This module can be studied on a standalone basis or as part of the Certificate in Terrorism Studies
Essential topics covered include:
Download the full Certificate in Terrorism Studies prospectus here
Terrorist organisations are constantly looking for new ways to launch attacks. As air travel became a more popular mode of travel around the world, terrorists turned their attention to aviation terrorism, and carried out hijackings and mid-air bombings and sabotage. Terrorist air attacks on the US on September 11, 2001, killed almost 3,000 people and destroyed property and infrastructure worth trillions of dollars.
For the terrorists, the estimated cost of the attacks of 9/11 was $500,000. This highlights the scale of destruction an air attack can cause using aeroplanes as means of mass destruction.
In August 2006 there came a striking example of the Al Qaeda network’s continuing efforts to develop new tactics of aviation terrorism: UK Police arrested a group linked to Al Qaeda planning to use liquid bombs assembled on board to blow up seven airliners en route from London Heathrow Airport to the USA. If the plotters had succeeded the fatalities could have exceeded those of 9/11. Leading members of the cell were convicted in 2009 and sentenced to lengthy terms of imprisonment. Airport security scanners capable of detecting liquids are being developed, but until they are widely installed in airports, government restrictions on liquids and gels being taken through airport security are retained.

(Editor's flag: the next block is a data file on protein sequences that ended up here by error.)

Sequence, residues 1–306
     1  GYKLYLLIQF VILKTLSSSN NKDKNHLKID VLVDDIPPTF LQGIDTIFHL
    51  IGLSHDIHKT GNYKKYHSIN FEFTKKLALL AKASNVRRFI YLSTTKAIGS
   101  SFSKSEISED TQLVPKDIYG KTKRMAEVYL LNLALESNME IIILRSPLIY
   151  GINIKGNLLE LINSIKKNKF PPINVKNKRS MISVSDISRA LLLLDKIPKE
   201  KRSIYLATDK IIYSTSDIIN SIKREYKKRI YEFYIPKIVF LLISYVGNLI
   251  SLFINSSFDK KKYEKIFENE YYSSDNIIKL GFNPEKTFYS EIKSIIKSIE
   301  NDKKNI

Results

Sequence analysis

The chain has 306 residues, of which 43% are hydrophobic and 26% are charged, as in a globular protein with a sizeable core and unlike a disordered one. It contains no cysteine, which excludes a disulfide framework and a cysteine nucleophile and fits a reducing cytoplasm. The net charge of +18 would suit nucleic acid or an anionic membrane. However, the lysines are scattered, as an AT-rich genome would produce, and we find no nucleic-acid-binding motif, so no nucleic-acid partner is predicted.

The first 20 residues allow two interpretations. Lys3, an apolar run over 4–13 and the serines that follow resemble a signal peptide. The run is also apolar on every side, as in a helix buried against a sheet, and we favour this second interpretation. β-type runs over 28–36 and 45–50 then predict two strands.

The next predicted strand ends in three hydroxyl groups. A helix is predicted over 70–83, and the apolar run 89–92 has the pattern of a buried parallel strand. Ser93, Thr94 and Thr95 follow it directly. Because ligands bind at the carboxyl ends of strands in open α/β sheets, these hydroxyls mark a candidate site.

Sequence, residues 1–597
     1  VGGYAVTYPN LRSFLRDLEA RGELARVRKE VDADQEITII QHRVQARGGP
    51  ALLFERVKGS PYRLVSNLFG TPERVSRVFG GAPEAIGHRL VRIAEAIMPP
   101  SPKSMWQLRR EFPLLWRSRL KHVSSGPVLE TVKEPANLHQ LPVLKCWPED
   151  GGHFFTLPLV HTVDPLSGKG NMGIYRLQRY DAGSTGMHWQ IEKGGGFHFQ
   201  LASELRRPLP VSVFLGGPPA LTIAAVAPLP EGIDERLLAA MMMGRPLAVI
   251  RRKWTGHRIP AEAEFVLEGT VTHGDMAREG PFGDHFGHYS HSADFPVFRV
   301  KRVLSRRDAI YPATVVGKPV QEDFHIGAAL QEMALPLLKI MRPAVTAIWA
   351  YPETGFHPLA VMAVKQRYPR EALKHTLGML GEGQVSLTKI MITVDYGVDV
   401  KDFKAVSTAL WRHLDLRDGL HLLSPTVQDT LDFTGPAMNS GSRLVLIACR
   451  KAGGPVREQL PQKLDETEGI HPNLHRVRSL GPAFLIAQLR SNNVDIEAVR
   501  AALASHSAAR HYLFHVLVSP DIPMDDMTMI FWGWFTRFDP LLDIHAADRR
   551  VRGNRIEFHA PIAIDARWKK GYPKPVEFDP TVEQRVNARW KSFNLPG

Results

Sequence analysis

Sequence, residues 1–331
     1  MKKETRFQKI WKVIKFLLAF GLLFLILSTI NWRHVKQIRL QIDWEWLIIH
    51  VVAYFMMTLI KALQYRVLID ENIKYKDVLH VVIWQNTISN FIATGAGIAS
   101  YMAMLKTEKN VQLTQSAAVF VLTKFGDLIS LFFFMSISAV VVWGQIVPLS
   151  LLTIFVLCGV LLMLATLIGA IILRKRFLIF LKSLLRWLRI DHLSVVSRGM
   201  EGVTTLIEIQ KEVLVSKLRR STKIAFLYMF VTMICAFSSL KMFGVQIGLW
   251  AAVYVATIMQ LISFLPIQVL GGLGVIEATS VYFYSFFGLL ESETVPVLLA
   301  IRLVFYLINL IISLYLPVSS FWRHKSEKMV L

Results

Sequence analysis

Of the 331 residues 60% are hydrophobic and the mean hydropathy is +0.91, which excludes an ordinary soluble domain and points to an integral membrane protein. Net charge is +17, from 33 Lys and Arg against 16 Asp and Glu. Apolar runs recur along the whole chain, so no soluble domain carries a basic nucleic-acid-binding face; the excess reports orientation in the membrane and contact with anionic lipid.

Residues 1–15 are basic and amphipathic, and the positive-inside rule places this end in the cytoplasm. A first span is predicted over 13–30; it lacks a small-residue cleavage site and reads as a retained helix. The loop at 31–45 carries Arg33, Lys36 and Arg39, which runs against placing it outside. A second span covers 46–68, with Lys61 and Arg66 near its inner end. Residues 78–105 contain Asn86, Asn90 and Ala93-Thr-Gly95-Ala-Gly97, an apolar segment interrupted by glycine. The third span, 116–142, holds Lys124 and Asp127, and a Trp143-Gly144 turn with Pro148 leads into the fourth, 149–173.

It is the need of our times to maintain effective aviation security at all airports and diligently undertake security processes to prevent aviation terrorism.
The module is designed to be studied over four weeks:
Week 1: Gain an insight into the historical evolution of modern civil aviation terrorism.
Week 2: Understand the current and emerging threats to national and international civil aviation security, specifically from the perspective of new terrorism propagated by Al Qaeda.
Week 3: Gain an understanding of the prerequisites for an effective security system at the national level in countries.
Week 4: Comprehend the need for international co-operation in countering aviation terrorism and follow the debate on developing solutions to strengthen aviation security.
Study modules individually or as part of the Certificate in Terrorism Studies.
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